Britain’s NHS spent $2.4 billion on IT in the most recent fiscal year, most of it on NPfIT. The NHS spending that’s making headlines, however, is $10,500 in grants to teach unemployed women how to be stand-up comics.

Here’s another case, this one in Ireland, where critical patient lab results were recorded in the computer but were not seen by the physician in time to prevent a serious mistake.

Private equity firms are checking out iSoft, rumor has it, now that its share price has been beaten down. Among those supposedly interested is General Atlantic, whose other healthcare holdings include Emdeon and CompuGROUP.


The new president at University of Illinois announces his intention to run the organization, including its hospital, as a single university. He describes the Chicago hospital as “dilapidated”.

The ACLU sues Rhode Island’s state health department, claiming its not-yet-live Currentcare HIE will not adequately protect patient privacy. And in Alaska, ACLU sues the state’s Department of Law for failing to ensure the privacy of medical records that were seized in a raid on a midwife’s office, brought to light when an officer with the Ketchikan Police Department taunted a patient’s daughter by saying her mother had been treated for a sexually transmitted infection.

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Currently there are "3 comments" on this Article:

  1. I’m first to post a comment? Wow, everyone must still be getting over the holiday weekend (unlike what happened on Memorial Day). The new survey reminds me of so many I’ve voted in before; I wish there were two more options, “Yes, with reservations…” and “No, with reservations…” As it is, I’m in the “Yes” camp, but with the caveat that I’d want HITECH to have had a more flexible timeline. To me, that’s the single biggest problem we’ve seen yet, and it only looks to get worse. Either the rules should have gotton out sooner, or the deadline should have been pushed back a year.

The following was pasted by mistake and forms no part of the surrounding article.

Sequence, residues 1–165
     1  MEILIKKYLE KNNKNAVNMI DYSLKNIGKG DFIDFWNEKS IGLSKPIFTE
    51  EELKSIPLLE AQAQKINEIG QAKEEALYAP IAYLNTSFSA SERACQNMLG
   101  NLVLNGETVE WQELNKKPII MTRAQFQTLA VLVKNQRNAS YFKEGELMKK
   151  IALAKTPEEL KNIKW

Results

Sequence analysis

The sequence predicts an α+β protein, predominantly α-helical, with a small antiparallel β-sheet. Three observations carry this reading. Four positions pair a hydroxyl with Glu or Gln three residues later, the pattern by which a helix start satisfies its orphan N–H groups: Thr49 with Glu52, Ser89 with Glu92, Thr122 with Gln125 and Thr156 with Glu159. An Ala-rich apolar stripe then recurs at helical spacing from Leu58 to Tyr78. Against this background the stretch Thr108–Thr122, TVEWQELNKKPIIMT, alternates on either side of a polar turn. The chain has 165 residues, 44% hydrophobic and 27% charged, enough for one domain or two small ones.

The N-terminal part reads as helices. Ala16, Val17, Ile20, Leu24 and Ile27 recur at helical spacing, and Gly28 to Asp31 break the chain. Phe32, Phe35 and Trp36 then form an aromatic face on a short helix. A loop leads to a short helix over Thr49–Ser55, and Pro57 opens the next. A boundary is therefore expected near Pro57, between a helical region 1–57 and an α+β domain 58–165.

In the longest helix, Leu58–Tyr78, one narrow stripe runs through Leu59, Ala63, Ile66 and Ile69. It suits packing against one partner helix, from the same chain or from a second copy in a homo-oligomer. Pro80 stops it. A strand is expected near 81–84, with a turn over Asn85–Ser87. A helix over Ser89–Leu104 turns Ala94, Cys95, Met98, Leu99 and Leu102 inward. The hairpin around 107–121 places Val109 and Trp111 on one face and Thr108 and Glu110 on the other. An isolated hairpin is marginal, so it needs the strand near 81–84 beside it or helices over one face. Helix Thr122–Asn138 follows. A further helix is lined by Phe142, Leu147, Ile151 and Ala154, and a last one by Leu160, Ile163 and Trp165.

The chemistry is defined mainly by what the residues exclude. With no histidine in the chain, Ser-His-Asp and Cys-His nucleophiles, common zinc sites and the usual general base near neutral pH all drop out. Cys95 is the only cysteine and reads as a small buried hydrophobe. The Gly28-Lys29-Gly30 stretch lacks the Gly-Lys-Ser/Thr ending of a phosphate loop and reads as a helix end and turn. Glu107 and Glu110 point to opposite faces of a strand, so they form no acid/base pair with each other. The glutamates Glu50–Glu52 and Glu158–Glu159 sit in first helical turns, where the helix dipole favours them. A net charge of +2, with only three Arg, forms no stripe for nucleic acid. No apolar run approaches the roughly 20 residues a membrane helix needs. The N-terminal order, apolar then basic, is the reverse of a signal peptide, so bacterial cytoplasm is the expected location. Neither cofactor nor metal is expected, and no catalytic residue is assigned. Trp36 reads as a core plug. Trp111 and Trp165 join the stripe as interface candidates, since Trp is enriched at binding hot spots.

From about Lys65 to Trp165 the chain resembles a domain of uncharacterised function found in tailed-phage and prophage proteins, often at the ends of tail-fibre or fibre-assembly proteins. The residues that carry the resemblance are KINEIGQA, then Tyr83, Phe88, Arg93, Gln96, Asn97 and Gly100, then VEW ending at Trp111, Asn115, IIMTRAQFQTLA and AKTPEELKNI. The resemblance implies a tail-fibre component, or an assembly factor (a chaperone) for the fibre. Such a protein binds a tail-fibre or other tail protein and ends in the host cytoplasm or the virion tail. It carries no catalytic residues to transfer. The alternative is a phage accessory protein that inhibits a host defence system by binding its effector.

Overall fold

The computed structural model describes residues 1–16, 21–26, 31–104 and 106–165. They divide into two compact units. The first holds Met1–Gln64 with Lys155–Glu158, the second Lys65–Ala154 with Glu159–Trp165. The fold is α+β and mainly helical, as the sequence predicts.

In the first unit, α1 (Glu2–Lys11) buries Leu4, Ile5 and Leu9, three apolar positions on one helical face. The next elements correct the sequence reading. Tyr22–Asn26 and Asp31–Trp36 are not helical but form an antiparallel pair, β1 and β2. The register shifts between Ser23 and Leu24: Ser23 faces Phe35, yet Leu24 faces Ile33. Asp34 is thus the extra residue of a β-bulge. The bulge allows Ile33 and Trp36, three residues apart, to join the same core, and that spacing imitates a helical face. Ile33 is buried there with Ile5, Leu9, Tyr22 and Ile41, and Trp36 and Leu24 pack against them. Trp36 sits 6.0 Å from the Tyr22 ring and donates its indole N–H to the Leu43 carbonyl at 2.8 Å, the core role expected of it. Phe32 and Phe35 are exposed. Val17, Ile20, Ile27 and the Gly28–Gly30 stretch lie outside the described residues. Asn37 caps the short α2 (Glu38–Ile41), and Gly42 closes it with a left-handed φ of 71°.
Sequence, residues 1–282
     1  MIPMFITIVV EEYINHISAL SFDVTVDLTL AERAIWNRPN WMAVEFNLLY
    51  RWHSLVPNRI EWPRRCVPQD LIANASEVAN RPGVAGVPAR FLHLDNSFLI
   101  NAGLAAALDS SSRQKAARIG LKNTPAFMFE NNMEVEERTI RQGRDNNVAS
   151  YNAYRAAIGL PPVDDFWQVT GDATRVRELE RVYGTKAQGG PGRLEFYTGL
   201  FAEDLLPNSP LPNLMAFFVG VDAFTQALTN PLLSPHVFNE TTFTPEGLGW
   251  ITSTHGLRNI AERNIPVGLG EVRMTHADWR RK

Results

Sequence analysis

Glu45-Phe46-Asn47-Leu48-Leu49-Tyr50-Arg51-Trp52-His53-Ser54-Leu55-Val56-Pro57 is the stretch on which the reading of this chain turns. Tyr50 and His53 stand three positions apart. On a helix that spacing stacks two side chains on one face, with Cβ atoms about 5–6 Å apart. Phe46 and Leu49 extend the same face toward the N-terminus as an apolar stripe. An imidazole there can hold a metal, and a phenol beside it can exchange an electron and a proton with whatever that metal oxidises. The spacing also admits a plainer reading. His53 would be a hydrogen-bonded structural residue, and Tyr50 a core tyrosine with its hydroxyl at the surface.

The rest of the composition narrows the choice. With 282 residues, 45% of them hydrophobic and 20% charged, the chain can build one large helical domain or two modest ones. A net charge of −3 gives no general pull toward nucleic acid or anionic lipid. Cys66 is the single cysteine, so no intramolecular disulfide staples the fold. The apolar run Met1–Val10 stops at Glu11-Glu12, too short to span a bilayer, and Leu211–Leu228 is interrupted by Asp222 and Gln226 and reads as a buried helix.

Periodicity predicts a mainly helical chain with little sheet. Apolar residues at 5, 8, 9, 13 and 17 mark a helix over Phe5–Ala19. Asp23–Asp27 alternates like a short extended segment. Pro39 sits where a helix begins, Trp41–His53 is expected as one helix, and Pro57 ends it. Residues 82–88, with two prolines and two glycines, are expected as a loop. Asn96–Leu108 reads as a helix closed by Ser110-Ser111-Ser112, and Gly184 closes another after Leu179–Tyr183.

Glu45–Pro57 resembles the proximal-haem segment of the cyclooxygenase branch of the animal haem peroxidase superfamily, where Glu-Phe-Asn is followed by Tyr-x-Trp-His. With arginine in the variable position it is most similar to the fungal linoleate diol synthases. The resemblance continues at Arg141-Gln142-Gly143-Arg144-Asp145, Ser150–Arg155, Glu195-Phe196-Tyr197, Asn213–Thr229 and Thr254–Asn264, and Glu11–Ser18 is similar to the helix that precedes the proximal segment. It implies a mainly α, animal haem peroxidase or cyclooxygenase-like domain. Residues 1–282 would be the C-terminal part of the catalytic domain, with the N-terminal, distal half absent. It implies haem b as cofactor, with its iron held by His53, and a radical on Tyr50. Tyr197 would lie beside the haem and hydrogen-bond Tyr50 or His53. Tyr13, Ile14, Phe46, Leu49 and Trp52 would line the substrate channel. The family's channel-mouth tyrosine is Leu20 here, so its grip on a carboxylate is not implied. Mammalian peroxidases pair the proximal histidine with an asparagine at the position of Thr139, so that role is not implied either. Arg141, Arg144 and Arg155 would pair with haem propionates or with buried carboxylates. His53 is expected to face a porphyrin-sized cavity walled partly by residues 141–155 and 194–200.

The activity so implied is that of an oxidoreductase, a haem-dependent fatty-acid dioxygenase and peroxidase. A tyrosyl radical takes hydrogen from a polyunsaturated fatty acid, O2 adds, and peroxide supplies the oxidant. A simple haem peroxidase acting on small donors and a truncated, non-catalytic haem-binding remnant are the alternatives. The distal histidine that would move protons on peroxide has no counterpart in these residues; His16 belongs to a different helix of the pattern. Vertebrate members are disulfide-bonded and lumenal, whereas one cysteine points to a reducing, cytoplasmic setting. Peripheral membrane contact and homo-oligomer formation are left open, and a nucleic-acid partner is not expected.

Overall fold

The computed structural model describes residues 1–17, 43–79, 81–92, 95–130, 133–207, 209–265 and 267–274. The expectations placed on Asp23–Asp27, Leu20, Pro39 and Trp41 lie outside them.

The story about EHR patents sounds like another silly attempt to control a universal concept of enterprise. And icons, realy? It makes me think of a Grand Rounds submission I came across today, showing how snake oil didn’t always have the bad rap it does today. Wonder what the future’s version of that term will be.

  2. The critical results lurking in an EMR as reported in the Irish Times is a common occurrence. It is listed on the MAUDE data base of the FDA.

    Would Dr. Blumenthal like to comment on this type of error?

    It is typical and facilitated by an intrinsic defect in the EMR, the failure to indicate new results have arrived.

  3. RE: Illinois dilapidated – wish President Hogan all the luck in the world, but as the front page story in The New York Times last week said, the entire state is financially more than dilapidated, it is dead on arrival, so tough, tough slog ahead for President Hogan and the hospital no matter what his experience was in Connecticut. On a much cheerier note for the HIS crowd in the Chicago area, EPIC postings starting to appear for RHC’s two to three year makeover (so long McKesson and wish them well in all their future endeavors).